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Old Apr 17, 2004, 1:51 AM   #11
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Deleting in the field is a good way to fragment the file system and is a good way to incure contaminate the card increasing the chances of a catastrophic card failure. If I'm out on a shoot I would hope to be too busy to monitor the day on a two inch screen. I never delete anything untill I've downloaded to the computer. Memory is cheap why would you skimp there?
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Old Apr 17, 2004, 2:46 AM   #12
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Quote:
Originally Posted by Tomsch
Memory is cheap why would you skimp there?
By your standards, maybe...
"Olympus E-10, Canon EOS 10D, 50mm 1.8, 75-300 IS, Sigma 28-135, 17-35 ,20 mm 1.8, 50 2.8 macro, 180 3.5 macro, 70-200 2.8, 50-500 & 2x ext."

This is not necessarily the case for young, retired, or otherwise impecunious photographers. Here in the UK a cheap 256KB memory card is about 50 ukpounds, and you can get an excellent digicam for about 250 ukpounds.
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Old Apr 17, 2004, 8:59 AM   #13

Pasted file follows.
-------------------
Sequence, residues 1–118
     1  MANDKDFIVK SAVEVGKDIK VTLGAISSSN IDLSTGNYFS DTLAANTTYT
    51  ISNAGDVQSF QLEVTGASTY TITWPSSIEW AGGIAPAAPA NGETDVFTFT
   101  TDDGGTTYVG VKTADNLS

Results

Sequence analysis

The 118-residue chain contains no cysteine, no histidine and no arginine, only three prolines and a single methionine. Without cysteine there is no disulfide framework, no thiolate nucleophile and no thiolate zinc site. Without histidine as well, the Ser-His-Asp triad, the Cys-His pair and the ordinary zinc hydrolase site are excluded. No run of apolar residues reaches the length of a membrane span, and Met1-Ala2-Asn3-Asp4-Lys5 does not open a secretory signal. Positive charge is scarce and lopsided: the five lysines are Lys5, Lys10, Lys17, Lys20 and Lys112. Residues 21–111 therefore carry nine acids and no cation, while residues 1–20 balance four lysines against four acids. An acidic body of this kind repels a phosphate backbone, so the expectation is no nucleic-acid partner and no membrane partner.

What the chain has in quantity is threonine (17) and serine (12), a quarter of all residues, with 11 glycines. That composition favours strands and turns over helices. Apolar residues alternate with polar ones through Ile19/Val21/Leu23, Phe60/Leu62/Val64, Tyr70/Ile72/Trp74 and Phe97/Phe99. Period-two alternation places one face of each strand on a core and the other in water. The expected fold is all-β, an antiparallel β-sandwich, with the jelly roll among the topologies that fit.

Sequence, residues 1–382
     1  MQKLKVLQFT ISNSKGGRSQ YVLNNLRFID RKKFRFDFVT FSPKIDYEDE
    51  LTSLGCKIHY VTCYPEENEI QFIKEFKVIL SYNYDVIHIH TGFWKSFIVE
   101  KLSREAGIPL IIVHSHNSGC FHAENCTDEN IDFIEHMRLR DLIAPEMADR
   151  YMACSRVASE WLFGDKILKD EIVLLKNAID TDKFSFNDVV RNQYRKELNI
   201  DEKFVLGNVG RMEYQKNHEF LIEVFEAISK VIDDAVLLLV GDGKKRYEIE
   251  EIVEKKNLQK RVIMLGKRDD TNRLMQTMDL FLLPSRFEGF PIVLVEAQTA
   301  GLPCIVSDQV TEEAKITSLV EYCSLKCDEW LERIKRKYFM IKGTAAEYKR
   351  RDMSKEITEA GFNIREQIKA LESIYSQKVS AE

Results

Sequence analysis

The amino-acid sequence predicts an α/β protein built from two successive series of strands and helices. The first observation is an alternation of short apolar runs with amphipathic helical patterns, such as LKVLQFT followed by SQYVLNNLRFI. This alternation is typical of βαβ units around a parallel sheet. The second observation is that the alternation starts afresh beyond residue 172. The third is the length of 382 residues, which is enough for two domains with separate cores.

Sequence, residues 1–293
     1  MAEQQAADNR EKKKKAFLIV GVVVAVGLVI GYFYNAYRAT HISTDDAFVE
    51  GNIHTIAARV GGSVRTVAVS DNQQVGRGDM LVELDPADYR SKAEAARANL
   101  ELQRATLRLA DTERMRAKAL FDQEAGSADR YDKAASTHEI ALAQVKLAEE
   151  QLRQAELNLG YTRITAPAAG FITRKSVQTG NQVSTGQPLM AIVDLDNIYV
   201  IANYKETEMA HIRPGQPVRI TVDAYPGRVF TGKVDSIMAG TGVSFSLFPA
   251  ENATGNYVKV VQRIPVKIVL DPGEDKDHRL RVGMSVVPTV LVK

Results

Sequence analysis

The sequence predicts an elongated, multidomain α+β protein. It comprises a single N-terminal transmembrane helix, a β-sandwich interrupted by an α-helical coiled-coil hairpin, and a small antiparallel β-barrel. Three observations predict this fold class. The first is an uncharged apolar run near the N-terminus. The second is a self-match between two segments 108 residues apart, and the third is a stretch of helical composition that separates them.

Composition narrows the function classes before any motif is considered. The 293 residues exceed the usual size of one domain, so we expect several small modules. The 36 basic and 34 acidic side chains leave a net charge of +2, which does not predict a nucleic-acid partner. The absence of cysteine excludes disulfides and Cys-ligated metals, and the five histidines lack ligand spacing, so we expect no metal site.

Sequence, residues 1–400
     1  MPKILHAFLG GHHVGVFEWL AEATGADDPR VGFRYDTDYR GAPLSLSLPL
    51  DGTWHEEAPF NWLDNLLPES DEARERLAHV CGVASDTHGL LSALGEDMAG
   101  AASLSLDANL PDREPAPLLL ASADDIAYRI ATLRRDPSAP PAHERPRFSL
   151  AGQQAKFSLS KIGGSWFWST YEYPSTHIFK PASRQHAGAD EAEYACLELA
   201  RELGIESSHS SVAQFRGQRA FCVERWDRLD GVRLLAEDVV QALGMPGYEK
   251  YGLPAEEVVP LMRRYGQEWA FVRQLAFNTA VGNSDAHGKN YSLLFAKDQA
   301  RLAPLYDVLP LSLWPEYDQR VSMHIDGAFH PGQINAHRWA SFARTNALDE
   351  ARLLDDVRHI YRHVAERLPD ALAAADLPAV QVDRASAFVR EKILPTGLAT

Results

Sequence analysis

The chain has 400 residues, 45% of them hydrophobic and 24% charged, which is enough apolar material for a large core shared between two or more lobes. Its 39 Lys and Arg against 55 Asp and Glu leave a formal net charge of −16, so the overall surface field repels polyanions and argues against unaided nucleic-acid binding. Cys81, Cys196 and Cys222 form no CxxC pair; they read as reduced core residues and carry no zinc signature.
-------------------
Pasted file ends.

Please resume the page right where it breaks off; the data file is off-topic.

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In addition to using the lcd so I can delete the obvious bad pictures. I also use the lcd to check my exposure. If I have a picture I just took and I'm not sure the exposure is correct, I pull up my histogram to help me decide.
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Old Apr 17, 2004, 10:41 AM   #14
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Quote:
Originally Posted by ohenry
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Originally Posted by photosbyvito
well.....that can be good or bad......keeps you from missing good opportunities....but you can fit a lot more pictures if you delete the ones that are clearly bad...(but i guess you don't take any like that huh )
I currently have 3 512M cards. Each card will hold about 65 RAW images. I don't normally take 195 images before going to the computer. It's not a matter of never taking bad pictures and I can assure you that I discard more photos than I save. I just prefer to make that decision viewing it on a screen that I can get a clear image on. If I get into a situation where I am going to shoot 200 plus images, I might go back and delete the obvious bad ones. When away from home, I always have a laptop available if I begin to fill the cards.